Swimming pool
Image Credit: Pixabay

Paris: Tax authorities in France are using artificial intelligence to find thousands of undeclared swimming pools, with a pilot programme now set to be rolled out across the country just as it grapples with its worst drought on record.

Some 20,356 undeclared pools have been discovered since officials began using software developed by Google and consulting firm Capgemini in October last year. The system uses AI to pick out the outlines of pools in aerial images, which are then cross-checked against official property databases.

It has so far netted close to $10 million in additional tax revenue from nine French regions and will now be “generalised” across France, tax officials announced Monday.

Pools are subject to taxes in France because they can add to a property’s value. Homeowners are meant to declare their swimming pool to the tax office within 90 days of its completion. Officials estimate that rolling out the AI system nationally could raise $40 million in new levies in 2023, according to local media reports.

There are an estimated 3.2 million private pools in France, according to the latest available data. Demand for pools increased during the coronavirus pandemic, as millions of people began working more from home, and continued through the summer as Europe sweltered through the some of the hottest temperatures on record.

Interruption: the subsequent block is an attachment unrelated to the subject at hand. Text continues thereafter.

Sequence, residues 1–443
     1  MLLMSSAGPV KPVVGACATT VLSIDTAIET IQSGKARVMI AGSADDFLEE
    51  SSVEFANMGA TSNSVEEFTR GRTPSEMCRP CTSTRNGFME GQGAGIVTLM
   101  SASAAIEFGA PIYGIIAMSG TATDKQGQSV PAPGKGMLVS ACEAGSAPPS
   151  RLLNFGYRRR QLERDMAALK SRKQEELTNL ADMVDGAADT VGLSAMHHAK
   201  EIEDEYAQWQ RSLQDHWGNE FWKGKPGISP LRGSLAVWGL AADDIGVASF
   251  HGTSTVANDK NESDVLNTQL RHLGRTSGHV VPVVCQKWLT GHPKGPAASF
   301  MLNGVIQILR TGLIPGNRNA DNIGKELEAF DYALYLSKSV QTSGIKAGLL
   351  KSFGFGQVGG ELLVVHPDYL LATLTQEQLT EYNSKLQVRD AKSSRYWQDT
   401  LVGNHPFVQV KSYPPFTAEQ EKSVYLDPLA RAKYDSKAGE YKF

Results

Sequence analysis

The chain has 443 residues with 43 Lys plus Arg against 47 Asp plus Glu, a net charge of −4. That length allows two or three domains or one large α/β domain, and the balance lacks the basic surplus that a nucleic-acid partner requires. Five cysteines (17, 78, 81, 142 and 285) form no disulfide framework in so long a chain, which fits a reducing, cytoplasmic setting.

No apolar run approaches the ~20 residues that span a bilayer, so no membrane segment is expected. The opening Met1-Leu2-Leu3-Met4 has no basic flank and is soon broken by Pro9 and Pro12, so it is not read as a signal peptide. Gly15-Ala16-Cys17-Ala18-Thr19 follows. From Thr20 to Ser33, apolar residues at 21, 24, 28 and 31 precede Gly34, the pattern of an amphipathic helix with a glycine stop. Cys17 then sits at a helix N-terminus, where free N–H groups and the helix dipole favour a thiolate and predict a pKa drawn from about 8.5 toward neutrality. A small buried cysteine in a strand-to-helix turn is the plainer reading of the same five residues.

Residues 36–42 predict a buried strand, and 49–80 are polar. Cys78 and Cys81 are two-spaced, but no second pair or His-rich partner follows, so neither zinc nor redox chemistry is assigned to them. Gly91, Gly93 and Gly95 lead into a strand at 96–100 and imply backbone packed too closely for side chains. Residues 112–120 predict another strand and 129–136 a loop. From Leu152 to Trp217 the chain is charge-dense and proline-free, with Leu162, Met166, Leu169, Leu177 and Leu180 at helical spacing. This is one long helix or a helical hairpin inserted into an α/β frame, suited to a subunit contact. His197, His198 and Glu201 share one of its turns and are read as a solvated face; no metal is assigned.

The parched conditions have led environmentalists and agriculture groups to question whether new private pools should be banned, as safe drinking water is in short supply in some areas and crops are dying in the fields.

Some French villages are reliant on water deliveries trucked in from elsewhere, while farmers are warning of looming food shortages this winter.

“The challenge is not to ban swimming pools, it is to guarantee our vital water needs,” Julien Bayou, the national secretary of the centre-left Europe Ecology-the Greens party, wrote on Twitter last week after a television interview in which he wouldn’t rule out supporting such a ban in the event of repeated droughts.

His remarks on TV ignited backlash on social media. Some users pointed out that private pools were used by firefighters as a water reserve during wildfires this summer.

The sweltering heat and scant rain helped ignite an estimated 274 fires across France this year alone, according to data collected by the European Forest Fire Information System.

It isn’t the first time tax authorities have trained their attentions on backyard pools. During the Greek debt crisis a decade ago, tax authorities in Athens pored over satellite images and found nearly 17,000 private pools in the city; only 324 had been declared by their owners.

The artificial intelligence system deployed in France isn’t entirely without glitches - in some cases it apparently mistook solar panels for pools or failed to pick out structures that were concealed by trees.

Antoine Magnant, the deputy director general of public finances, said tax officials eventually hope to be able to use the system to uncover undeclared home extensions including verandas and pergolas.

“But we have to be sure that the software can find buildings with a large footprint and not the dog kennel or the children’s playhouse,” he told Le Parisien newspaper.